1. The pathogenicity of the micro-organism to humans, animals or plants, including:
- Disease and pathogenicity mechanism caused, including invasiveness, virulence, route, and site of infection.
- Communicability, transmission capability.
- Infectious dose.
- Antibiotic resistance.
- Toxin-forming properties.
2. The allergenic properties of the micro-organism.
3. The colonisation ability of the micro-organism.
4. The availability of effective prophylaxis and treatment. If a micro-organism not mentioned in the Executive Order on Biological Agents and the Workplace cannot be classified with certainty into a class of risk, it must be provisionally classified into the highest risk class among the classes that may be involved.
1.3. Transferred genetic material
It appears from Annex 3 to the Executive Order that the potentially harmful properties of the transferred material and the substances from which it is formed must be included in the risk assessment.
The transferred genetic material covers both inserts and vectors to be used in the activities.
The transferred genetic material, i.e. the recombinant DNA, most often contains two different types of information: The transferred genetic material may encode a product, usually of a protein nature, and the genetic material may have a regulatory function. Both types of information are often present in the same vector. In addition, most vectors contain various selection markers, usually genes for antibiotic resistance.
In the risk assessment, special emphasis must be placed on whether the transferred genetic material will result in the formation of:
In everyday speech, the word toxin is often used as a synonym for poison. Poisons are substances that, in small amounts, can be lethal – especially to mammals. In a more precise sense, a poison is a substance that, in a given dose, can trigger a detrimental effect on a biological mechanism, so that the function of the biological mechanism is inhibited, destroyed or, more rarely, accelerated.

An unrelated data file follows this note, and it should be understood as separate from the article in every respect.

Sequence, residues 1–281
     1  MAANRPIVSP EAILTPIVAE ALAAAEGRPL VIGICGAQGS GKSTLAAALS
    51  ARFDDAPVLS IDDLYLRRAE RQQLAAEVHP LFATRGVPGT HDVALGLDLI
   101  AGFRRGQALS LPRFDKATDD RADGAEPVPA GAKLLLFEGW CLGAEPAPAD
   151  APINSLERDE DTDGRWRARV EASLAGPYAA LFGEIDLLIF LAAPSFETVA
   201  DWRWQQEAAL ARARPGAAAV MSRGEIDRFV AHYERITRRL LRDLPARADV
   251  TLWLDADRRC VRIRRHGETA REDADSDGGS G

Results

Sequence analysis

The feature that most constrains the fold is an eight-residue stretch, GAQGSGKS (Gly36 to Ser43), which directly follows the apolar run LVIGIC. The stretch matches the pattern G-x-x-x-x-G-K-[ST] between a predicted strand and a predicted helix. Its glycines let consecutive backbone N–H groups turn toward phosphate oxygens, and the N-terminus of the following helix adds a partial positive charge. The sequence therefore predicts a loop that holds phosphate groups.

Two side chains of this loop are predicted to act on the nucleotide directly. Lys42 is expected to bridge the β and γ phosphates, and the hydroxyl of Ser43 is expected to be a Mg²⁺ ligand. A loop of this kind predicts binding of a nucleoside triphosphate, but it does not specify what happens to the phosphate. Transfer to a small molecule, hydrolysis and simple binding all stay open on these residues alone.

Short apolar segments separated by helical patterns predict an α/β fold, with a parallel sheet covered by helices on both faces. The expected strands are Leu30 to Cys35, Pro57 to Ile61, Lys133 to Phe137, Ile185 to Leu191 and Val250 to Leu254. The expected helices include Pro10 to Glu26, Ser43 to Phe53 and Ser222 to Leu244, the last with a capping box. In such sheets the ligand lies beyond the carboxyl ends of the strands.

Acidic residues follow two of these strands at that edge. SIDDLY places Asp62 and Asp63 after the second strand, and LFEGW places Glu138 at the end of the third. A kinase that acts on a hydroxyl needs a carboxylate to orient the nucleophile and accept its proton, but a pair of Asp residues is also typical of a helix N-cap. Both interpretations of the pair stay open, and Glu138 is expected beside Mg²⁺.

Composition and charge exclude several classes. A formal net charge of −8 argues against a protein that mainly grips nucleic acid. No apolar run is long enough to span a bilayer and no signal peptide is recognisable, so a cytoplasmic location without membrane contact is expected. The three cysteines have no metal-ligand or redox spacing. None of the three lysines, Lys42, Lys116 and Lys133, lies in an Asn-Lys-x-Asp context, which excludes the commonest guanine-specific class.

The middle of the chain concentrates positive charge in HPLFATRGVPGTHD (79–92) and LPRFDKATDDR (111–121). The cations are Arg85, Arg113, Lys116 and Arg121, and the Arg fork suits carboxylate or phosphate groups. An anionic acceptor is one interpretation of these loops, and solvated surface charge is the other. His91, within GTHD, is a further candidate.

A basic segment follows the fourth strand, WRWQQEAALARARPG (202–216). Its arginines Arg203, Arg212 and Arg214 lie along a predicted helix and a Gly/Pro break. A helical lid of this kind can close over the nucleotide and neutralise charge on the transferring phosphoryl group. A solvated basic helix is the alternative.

Toxins are natural poisons, i.e. substances produced by animals, plants, bacteria, or other organisms. The word is not usually used about synthetic products.
In microbiology, a distinction is made between endotoxins and exotoxins.
Endotoxins are substances that are either part of the structure of the organism/cell or are intracellular. Examples of endotoxins are lipopolysaccharides (LPS), which are associated with the outer membrane of gram-negative bacteria, and ß-1,3-glucans in certain moulds. Both types of substance can cause severe irritant lung effects after inhalation of high doses. LPS is also pyrogenic and affects the thermoregulatory centre of the brain in the event of blood poisoning.
Exotoxins are substances that the organism (bacterium or cell) secretes into the environment. Microbial exotoxins are proteins. Many have an enzymatic effect that destroys the tissue. For example, Clostridium tetani releases two toxins, one of which, tetanospasmin, causes spastic paralysis of nerves to striated muscles, and the other, tetanolysin, is an enzyme that acts hemolytically.
Exotoxins that are produced by intestinal pathogens and released into the intestine affecting the intestinal wall are called enterotoxins. These toxins cause nausea, diarrhoea and vomiting. The toxins cause severe stomach symptoms in diseases such as cholera and dysentery but are also found in milder infections with Salmonella or virulent coli bacteria.
The toxicity of many exotoxins is determined by their LD50 value assessed by their toxicity to vertebrates, especially mice, rats, and rabbits. Information on the LD50 value of a toxin must be included in the assessment of parental or recipient organisms known to be able to produce toxins.
Highly biologically active substances
This refers to substances that have a signal function in the human organism, e.g. hormones, lymphokines, growth factors and proteins from certain oncogenes.